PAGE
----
Discovering Divine Purpose in the Passions

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Mission EDIFY is a grassroots movemnet fortifying adults affected by abuse, exploitation, and traumatic betrayal. United in charity, let us strive to

Enlighten faith communities to the unspoken needs of the traumatized.
Defend human dignity.
Implement an innovative path to healing & forgiveness.
Foster daily conversion.
Yield to mercy--seek justice.


Please pardon the disappearance as Hannah and I prepare to head over to Mission EDIFY.

Monday, April 6, 2020 6:05 PM

Lower Your Child's Risk of Becoming A Target For Abuse

Monday, April 6, 2020 6:05 PM
Monday, April 6, 2020 6:05 PM

April is Child Abuse Prevention & Sexual Assault Awareness Month.

April 6

3 SIMPLE TIPS TO PROTECT YOUR CHILD

I facilitate safe environment classes in my church. An attendee recently inquired, "What is the best thing I can do to protect my child when I'm not around?"

This is a great question! 

  1. Validate your children when they sense you are upset. If it's obvious you've been crying or that you're angry, telling them that you're just tired or have a headache causes them to doubt their God-given intuition. They learn to second guess themselves and dismiss what their "tummies tells them."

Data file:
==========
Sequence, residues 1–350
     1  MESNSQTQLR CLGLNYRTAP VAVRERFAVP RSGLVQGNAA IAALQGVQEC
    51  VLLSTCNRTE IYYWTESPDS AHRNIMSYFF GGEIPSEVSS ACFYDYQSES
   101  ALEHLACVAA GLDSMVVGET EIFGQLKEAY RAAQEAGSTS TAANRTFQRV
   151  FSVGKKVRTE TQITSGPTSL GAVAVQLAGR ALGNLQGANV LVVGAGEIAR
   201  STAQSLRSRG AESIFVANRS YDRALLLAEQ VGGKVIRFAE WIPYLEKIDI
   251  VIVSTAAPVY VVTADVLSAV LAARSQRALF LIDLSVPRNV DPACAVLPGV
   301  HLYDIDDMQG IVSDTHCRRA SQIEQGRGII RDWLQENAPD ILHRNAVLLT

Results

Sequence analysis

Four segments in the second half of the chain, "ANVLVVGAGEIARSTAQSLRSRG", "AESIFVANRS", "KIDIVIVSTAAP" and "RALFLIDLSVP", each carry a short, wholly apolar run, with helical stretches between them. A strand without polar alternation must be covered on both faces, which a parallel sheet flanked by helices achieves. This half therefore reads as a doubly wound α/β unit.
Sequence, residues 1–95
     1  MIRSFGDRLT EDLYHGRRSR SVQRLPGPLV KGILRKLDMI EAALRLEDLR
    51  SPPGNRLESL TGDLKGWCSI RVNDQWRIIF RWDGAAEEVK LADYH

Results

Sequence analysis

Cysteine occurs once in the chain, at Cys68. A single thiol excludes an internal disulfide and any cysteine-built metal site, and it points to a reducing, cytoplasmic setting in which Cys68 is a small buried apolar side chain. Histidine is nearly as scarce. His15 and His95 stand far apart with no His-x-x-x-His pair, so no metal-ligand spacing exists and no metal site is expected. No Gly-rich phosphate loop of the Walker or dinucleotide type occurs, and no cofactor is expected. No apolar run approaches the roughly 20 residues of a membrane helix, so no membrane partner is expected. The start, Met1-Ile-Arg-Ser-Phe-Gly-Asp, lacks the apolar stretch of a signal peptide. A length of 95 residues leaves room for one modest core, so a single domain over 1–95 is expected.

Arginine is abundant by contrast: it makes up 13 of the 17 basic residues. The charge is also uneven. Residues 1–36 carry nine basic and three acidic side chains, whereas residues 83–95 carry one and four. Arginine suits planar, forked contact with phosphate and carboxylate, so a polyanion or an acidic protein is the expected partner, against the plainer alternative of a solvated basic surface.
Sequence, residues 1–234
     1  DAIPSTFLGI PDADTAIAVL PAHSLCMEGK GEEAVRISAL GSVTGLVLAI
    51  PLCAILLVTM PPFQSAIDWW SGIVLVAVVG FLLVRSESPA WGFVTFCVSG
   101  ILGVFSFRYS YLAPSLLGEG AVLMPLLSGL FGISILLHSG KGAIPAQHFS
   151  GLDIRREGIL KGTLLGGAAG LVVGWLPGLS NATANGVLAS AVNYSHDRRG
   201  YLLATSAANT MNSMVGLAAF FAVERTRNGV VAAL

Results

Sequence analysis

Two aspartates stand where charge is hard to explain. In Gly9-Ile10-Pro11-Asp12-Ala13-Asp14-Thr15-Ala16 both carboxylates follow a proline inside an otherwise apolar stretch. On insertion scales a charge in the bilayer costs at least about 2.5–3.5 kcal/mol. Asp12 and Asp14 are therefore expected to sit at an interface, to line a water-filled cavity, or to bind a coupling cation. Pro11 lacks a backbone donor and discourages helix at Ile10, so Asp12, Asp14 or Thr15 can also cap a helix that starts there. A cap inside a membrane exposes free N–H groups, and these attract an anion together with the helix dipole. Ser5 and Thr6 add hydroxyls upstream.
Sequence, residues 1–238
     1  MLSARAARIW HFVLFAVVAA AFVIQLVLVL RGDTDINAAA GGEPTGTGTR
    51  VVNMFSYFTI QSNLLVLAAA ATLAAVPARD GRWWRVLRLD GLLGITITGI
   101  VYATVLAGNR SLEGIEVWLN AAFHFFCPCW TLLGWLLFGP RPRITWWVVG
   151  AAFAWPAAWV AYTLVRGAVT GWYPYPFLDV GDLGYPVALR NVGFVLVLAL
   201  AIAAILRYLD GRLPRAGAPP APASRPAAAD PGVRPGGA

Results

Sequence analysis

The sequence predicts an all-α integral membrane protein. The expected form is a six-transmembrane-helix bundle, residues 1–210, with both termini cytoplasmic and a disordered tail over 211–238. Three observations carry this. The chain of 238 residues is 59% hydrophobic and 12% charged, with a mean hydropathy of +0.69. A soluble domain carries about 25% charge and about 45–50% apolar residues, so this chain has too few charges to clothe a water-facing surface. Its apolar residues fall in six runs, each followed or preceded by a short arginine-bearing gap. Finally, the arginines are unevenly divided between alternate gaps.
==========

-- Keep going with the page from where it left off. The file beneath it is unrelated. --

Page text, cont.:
No need to give them inappropriate details. It's easy enough to say, "Thank you for noticing. I'm feeling a littel sad today. But it will pass. How was your day?"

    If your child senses that a person or situation is unsafe, you want them to trust their intuition. And you want them to trust that you will listen and not dismiss them.

2. Let your children do little things for themselves. When you can, supervise with your eyes, not your hands, Moms. Pull the chair up to the sink. Let them wash dishes. Help fold laundry. Dump the dogfood in the bowl. I know it's hard when you're in a hurry. It goes so much faster when you do it yourself. But trust me, you will instill confidence in them. Children with low self-esteem are more likely to be targeted by abusers. (More on this in days to come--with cite references.)

3. Let your children do BIG things for themselves. We made a game out of this one: My youngest son would find the gate at the airport. (Ticket in hand with a parent by his side, directing him to look at the flight monitor.) He loved it!

If his bicycle needed fixing, he held the tools and his father talked him through it. Do activities like this take longer? Yep. But it will pay dividends in self-confidence.

I encourage you to consider each suggestion. What are some simple ways you can put these into practice? Take spirited initiative. 

 

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